Here we see a rooster, a chicken, a snipe and a woodpecker hanging by their legs, not a particularly tasteful scene. Here the painter was interested in the deceptively genuine portrayal of the dead birds and their plumage. In the 17th century there was a market for paintings of this kind. In fact, according to the 17th-century artists' biographer Houbraken, Van Aelst's hunt still lifes fetched a good price and were in demand among kings and princes.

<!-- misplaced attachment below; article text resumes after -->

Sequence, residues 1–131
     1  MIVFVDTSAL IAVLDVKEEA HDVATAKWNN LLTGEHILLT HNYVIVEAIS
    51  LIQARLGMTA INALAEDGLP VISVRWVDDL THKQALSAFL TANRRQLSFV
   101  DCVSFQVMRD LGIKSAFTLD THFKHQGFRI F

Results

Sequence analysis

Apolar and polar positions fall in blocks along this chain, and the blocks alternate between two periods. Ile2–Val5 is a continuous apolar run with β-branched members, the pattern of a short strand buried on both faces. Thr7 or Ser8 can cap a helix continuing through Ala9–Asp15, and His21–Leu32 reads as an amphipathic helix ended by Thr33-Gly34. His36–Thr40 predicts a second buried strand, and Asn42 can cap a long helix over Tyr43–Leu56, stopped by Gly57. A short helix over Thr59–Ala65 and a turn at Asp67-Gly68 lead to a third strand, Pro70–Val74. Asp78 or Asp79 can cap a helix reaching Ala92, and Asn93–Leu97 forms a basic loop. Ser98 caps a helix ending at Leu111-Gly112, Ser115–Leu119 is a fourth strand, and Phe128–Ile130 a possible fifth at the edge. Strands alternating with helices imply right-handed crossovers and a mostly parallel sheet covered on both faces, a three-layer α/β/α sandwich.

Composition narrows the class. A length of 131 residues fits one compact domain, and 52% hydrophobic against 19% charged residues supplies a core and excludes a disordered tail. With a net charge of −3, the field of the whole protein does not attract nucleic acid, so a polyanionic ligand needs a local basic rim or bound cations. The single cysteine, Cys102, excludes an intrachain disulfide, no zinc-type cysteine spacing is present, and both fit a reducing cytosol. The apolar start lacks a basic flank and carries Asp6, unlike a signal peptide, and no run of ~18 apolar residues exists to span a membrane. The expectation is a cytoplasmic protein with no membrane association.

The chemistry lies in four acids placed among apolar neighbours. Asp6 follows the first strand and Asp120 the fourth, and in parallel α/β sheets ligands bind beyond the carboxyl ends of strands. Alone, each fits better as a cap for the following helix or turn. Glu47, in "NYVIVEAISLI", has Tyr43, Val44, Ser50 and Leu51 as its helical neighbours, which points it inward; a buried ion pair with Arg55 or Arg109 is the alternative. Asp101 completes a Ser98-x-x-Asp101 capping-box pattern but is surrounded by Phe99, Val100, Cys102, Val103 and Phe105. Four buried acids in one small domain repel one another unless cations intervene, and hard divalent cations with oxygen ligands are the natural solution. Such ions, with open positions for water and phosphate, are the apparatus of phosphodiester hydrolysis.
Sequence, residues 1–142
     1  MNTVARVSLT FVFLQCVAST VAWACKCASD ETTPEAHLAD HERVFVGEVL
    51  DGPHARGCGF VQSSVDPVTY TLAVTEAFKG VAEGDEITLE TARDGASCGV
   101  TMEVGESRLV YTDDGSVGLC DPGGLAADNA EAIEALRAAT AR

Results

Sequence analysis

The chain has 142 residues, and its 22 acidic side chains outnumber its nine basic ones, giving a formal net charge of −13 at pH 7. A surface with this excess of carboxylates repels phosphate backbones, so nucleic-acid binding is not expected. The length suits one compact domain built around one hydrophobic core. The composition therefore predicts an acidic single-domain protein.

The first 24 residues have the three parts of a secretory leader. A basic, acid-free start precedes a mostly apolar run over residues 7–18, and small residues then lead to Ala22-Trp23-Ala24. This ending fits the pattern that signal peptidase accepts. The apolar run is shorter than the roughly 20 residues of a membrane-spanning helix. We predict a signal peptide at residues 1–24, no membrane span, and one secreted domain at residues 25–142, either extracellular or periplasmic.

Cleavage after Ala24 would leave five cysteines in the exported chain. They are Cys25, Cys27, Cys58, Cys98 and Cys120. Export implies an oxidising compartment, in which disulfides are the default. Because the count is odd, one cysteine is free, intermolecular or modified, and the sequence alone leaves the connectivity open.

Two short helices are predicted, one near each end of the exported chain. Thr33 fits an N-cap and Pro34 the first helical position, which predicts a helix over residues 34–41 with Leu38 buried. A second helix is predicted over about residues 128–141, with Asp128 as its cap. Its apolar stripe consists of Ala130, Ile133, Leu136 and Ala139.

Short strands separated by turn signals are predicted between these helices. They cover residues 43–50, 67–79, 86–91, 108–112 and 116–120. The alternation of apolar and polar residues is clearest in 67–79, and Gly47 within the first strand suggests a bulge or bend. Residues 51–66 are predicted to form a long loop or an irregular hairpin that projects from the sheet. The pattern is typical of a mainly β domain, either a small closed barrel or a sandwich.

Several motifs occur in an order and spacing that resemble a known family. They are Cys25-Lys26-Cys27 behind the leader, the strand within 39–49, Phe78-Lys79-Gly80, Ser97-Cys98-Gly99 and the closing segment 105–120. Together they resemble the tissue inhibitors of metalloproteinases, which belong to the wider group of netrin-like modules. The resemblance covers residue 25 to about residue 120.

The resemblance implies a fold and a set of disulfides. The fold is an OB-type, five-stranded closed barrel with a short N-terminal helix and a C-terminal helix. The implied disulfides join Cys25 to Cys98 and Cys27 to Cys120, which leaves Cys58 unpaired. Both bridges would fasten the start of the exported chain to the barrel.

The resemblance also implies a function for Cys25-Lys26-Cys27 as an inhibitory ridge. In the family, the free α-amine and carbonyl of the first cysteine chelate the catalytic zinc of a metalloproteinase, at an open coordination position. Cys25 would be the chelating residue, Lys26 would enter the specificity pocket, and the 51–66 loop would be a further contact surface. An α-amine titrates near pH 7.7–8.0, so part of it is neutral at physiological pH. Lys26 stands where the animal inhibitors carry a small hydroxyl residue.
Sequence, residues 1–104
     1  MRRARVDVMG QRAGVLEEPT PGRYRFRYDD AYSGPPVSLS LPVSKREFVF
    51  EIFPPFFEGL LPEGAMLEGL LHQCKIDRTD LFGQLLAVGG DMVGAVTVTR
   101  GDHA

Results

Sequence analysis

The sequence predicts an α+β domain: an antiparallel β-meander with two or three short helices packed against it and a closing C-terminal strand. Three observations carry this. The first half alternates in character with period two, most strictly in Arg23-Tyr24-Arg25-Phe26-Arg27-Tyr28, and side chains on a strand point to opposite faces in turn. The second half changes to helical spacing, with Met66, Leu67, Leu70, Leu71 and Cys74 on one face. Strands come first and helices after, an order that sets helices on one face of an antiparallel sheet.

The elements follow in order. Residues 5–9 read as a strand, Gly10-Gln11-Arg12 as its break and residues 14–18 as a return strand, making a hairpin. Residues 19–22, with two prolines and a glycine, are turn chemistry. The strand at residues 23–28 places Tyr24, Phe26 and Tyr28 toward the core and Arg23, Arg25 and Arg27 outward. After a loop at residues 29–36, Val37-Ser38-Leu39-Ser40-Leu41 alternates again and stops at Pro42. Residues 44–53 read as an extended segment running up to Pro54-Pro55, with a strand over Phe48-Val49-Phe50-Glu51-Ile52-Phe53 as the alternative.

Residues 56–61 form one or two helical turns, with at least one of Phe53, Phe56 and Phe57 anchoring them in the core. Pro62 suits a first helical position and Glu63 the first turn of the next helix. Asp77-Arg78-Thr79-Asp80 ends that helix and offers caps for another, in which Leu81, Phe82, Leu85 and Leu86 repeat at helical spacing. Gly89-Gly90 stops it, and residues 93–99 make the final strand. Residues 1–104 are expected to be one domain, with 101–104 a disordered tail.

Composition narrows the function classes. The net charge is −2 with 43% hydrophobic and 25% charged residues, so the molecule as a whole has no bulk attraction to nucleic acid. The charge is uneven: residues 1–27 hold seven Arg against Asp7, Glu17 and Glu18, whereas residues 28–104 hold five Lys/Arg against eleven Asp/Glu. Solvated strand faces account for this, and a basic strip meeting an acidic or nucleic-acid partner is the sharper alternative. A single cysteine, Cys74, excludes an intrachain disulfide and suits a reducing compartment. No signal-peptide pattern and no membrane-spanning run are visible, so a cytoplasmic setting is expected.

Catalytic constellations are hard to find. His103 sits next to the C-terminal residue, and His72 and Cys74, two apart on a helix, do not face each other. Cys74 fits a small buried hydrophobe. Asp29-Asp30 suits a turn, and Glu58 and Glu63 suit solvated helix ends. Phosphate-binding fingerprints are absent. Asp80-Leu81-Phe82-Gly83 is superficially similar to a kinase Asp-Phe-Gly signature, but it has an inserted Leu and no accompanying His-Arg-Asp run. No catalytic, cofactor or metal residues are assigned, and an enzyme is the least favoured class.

Purchased in 1895, with the support of the Vereniging Rembrandt.